Objective: Laboratory studies of adult walking behavior have consistently found that a cadence of 100 steps/min is a reasonable threshold for moderate intensity. The purpose of this study was to determine cadence patterns in free-living adults, and in particular, time spent at increasing cadence increments including 100 steps/min and beyond.
Method: 3744 adults ≥20 years provided at least one valid day (minimally 10/24 h of wear) of minute-by-minute accelerometer-determined step data during the 2005-2006 U.S. National Health and Nutrition Examination Survey (NHANES). Means for time spent (min/day) and steps/day were calculated for 8 cadence categories including zero and each incremental cadence band thereafter beginning with 1-19 through 100-119, and beyond to 120+steps/min.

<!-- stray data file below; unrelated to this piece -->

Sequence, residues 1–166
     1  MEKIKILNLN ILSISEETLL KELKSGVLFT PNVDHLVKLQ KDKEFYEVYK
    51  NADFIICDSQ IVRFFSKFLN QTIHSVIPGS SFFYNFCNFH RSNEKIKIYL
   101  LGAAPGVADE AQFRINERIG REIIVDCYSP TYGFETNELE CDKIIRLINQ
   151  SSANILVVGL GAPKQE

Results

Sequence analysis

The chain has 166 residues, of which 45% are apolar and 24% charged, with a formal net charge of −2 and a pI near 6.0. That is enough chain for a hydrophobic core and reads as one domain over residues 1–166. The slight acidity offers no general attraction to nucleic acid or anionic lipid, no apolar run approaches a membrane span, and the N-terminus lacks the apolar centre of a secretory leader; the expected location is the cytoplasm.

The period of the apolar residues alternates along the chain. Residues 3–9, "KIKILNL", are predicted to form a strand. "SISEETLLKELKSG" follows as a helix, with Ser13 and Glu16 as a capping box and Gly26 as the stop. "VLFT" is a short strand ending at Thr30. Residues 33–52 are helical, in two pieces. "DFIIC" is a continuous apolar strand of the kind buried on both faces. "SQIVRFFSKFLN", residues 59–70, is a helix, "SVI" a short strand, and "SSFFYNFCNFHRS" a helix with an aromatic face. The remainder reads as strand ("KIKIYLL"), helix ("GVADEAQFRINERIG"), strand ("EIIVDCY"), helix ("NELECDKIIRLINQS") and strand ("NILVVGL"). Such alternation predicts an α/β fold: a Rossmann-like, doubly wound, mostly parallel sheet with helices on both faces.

Results: U.S. adults accumulate ≅4.8 h/day of zero cadence during wearing time, ≅8.7 h between 1 and 59 steps/min, ≅16 min/day at cadences of 60-79 steps/min, ≅8 min at 80-99 steps/min, ≅5 min at 100-119 steps/min, and ≅2 min at 120+steps/min.
Conclusion: Self-selected walking at 100+steps/min was a rare phenomenon in this large free-living sample of the U.S. population, but study participants did accumulate ≅30 min/day at cadences of 60+steps/min.
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